Here’s something amazing I learned from Dreaming in French: The Paris Years of Jacqueline Bouvier Kennedy, Susan Sontag, and Angela Davis, by Alice Kaplan (Chicago: University of Chicago Press, 2012). Apparently, even Susan Sontag struggled against an inner Disney Princess!
The X Factor
With two books in print, life went on–the more and more dazzling public life, the secret inner life. Life and work were tightly combined, yet under the pile of manuscripts, cultural outings, and intellectual connections was a constant buzz of worry, a struggle that preoccupied her throughout the winter months of 1960, in her daily existence with [her lover] Irene and her son David. She called it “X”–the overwhelming desire to please, to appease, to see oneself through other people’s reactions, to spare other people’s feelings, to care what they think. Women, she decided, were X; America itself, with its cult of popularity, was “a very Xy country.” “X is the scourge,” she wrote in February 1960: “How do I really cure myself of X?” She made lists of X situations, X feelings, X characteristics, and finally connected her personal problem to a concept in existential philosophy: “X is Sartre’s bad faith,” (125-26).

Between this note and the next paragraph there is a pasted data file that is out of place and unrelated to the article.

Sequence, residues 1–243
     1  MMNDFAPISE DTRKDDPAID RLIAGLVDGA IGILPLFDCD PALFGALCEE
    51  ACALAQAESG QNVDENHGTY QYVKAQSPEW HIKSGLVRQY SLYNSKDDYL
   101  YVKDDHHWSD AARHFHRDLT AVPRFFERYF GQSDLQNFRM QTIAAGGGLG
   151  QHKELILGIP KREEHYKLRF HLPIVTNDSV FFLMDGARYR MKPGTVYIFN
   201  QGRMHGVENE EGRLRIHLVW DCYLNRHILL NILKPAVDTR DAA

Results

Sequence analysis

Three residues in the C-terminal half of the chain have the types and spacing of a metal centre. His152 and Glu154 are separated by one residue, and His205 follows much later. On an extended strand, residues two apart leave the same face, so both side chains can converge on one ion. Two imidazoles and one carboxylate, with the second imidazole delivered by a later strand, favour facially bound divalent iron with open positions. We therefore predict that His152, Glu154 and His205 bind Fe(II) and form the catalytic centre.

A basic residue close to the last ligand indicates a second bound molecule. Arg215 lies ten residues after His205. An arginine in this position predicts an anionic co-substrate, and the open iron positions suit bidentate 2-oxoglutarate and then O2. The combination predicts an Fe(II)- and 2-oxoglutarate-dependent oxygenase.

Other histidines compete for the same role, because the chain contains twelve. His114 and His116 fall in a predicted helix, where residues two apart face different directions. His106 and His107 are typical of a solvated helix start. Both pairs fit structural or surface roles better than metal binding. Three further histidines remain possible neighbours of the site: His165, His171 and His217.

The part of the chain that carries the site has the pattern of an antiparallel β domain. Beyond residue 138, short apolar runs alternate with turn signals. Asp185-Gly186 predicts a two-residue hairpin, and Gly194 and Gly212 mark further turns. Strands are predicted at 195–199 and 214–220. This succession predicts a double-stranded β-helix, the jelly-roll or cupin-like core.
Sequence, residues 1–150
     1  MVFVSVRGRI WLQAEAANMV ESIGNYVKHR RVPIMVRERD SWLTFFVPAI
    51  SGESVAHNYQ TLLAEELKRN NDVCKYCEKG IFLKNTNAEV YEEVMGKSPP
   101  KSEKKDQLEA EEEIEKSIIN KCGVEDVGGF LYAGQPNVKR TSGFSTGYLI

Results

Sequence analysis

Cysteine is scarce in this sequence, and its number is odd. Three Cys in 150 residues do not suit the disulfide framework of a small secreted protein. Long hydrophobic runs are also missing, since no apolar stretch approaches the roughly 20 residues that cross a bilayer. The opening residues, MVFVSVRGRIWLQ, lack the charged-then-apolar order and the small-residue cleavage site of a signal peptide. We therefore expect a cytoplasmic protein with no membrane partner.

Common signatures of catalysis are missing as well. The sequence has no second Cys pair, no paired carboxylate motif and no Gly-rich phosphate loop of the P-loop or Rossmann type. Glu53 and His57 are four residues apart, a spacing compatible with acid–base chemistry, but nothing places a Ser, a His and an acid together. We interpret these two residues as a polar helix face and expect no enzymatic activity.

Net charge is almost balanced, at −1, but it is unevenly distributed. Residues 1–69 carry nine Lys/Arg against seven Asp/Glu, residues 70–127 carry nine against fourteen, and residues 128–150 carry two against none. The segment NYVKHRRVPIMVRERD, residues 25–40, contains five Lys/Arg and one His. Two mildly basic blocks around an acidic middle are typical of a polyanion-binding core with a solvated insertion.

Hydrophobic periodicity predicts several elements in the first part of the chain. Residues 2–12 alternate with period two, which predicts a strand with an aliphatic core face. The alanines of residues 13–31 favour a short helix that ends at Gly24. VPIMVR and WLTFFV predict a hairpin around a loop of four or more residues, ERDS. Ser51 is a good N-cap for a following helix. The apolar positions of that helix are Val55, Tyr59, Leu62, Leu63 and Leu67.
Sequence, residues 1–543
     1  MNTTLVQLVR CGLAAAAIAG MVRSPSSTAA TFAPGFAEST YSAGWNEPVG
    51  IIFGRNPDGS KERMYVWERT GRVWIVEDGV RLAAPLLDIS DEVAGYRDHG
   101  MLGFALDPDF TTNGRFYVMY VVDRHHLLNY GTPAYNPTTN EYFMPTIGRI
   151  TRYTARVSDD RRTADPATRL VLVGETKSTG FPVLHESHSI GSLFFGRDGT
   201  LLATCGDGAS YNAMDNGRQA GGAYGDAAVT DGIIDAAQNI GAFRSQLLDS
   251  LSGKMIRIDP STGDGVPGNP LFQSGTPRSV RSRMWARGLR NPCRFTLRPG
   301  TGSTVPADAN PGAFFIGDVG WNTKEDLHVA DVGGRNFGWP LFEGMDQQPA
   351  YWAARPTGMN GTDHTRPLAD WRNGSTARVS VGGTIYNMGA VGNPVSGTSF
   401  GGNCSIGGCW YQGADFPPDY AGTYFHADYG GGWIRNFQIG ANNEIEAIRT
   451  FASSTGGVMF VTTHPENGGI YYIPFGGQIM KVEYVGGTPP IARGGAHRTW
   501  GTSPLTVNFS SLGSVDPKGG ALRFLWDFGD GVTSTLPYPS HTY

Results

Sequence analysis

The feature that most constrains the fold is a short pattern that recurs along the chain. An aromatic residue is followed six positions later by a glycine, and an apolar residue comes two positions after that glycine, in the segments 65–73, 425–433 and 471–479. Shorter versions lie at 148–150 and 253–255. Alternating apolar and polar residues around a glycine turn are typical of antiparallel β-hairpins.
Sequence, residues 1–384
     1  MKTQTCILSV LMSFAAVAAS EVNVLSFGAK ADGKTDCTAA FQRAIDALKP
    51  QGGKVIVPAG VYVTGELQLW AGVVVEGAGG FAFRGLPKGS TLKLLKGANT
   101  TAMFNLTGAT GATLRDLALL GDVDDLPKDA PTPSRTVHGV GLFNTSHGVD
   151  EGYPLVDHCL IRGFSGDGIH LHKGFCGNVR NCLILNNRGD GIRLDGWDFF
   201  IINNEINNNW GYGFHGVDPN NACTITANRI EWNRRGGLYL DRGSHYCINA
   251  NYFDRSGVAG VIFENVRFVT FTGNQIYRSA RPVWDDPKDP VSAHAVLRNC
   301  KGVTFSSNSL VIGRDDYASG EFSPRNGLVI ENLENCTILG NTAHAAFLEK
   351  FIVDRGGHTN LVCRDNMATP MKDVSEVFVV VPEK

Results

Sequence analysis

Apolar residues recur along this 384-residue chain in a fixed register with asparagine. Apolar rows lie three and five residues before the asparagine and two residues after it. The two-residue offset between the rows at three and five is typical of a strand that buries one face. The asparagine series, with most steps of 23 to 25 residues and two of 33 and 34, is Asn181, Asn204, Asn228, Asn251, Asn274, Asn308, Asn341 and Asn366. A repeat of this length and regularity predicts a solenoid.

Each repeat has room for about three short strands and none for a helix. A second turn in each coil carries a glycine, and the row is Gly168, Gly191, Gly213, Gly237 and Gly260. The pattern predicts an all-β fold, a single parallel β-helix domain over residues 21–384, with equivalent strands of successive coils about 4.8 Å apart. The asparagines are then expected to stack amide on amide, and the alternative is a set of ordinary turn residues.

My guess is that some (most?) of you women readers can relate.
In reading the section on Sontag, she reminds me of no one so much as Marie de l’Incarnation, or at least Natalie Davis’s perceptive portrait of her in Women on the Margins: Three Seventeenth-Century Lives (Cambridge, Mass.: Harvard University Press, 1995). Both of them left young sons behind in order to devote themselves to their vision of a worthwhile inner life and a legacy of religious or intellectual leadership, neither of which was compatible with the responsibilities of wives and mothers as they were understood in their own times.
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